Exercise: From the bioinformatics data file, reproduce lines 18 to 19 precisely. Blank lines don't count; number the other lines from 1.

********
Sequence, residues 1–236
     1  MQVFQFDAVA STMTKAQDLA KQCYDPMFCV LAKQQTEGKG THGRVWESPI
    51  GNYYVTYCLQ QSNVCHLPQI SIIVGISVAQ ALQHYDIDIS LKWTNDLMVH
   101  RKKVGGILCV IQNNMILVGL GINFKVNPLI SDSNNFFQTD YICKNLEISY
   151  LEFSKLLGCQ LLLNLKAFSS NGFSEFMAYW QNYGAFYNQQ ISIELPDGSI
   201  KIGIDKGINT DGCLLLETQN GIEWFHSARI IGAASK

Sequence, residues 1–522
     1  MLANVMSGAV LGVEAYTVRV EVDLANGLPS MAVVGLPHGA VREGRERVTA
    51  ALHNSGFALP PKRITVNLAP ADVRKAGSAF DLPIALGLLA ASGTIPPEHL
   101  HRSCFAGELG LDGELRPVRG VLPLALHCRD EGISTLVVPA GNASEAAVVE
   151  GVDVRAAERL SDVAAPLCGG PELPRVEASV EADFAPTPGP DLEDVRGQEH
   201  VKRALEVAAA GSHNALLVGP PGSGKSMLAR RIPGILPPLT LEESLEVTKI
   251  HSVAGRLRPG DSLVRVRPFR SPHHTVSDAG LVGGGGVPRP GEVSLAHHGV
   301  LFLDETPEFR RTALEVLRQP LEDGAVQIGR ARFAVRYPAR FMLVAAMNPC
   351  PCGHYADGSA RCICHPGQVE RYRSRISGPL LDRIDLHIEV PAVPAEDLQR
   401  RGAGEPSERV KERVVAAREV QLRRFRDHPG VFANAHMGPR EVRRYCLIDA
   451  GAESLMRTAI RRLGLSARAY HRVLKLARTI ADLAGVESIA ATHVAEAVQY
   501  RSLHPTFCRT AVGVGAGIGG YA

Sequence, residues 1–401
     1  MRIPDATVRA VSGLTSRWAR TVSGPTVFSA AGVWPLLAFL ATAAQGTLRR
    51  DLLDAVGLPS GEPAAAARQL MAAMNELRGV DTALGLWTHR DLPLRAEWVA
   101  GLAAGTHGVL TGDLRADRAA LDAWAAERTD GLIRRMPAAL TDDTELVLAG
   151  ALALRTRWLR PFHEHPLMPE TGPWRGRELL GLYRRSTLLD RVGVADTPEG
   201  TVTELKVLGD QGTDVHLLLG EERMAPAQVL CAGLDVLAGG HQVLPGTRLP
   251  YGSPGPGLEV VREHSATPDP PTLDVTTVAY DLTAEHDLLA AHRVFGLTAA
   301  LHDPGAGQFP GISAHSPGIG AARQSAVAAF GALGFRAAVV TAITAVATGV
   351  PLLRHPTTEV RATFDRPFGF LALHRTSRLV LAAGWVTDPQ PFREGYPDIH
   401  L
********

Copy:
   501  RSLHPTFCRT AVGVGAGIGG YA

Sequence, residues 1–401